Current Affairs

Gays to march for their rights in Rome

Rachel Charman March 9, 2007
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Up to 50,000 Italian gay activists will campaign this weekend in Rome in support for same-sex unions.

The campaigners will gather in the Piazza Farnese to voice their enthusiasm for the Dico Bill, which will grant gay and lesbian couples the right to make their relationships official, as well as to mutual assistance and inheritance.

The bill is strongly opposed by the Catholic and right wing parties, and due to Prime Minister Prodi’s slim majority in the Senate, its passing is uncertain.

Several left-wing politicians plan to attend the demonstration. Franco Grillini of the Left Democrats told Deutsche Press Agentur:

“The objective of Saturday’s meeting is to convince parliament to improve the bill and end all kinds of discrimination towards homosexuals.”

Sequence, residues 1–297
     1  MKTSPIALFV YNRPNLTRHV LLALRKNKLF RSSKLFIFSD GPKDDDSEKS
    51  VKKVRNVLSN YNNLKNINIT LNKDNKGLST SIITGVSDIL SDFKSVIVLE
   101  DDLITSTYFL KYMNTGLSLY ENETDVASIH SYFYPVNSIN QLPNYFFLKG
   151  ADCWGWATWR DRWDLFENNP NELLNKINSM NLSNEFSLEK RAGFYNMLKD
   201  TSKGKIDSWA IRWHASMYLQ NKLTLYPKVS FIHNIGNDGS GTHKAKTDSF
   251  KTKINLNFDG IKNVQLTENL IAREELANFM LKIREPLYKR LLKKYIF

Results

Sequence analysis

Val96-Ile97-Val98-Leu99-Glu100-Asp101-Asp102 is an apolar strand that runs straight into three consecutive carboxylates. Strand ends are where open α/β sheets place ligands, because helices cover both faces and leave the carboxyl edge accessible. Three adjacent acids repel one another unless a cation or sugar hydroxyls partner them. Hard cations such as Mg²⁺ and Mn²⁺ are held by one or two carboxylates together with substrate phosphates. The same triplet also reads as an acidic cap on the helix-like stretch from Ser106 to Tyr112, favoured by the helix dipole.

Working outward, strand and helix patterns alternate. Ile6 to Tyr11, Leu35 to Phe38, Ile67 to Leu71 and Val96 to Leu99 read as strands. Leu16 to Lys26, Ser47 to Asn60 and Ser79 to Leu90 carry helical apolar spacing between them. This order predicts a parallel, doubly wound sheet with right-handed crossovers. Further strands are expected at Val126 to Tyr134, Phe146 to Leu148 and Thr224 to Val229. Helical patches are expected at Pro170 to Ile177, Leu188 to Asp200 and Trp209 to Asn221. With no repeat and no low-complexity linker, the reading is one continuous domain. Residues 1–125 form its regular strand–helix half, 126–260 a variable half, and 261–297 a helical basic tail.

Green party MP Angelo Bonelli, whose party is part of the governing coalition, said:

“Rights for cohabiting couples are standard in the rest of Europe… A modern, European-style law is needed which gives rights to those who currently do not have them” he told

Celebrity support for the bill is also strong. Famous figures such as Nobel literature prize winner Dario Fo, and his actress wife and senator Franca Rame plan to attend the demonstration.

An alternative “pro-family” rally will also take place at the weekend, backed by Catholic activists and attended by right-wing politicians such as Justice Minister Clemente


The Bill and homosexuality itself have been openly criticised in parliament.

Paola Binetti, a senator and member of the controversial Catholic group Opus Dei, branded homosexuality a “deviation of the personality” during a television talk show last weekend.

She said: “In my opinion, it represents ‘different’ behaviour – very different from the norm as written in our morphological, genetic, endocrinological and character code.”

But the views of the general public are more positive. A recent survey in Focus magazine revealed that 64% of Italians regard homosexuality as a “natural condition”.

76% of respondents were in favour of gays being open about their sexuality and 95% were open to friendships with gays and lesbians.

Despite this, Italy is one of the few western European countries that has yet to grant any rights to gay couples.

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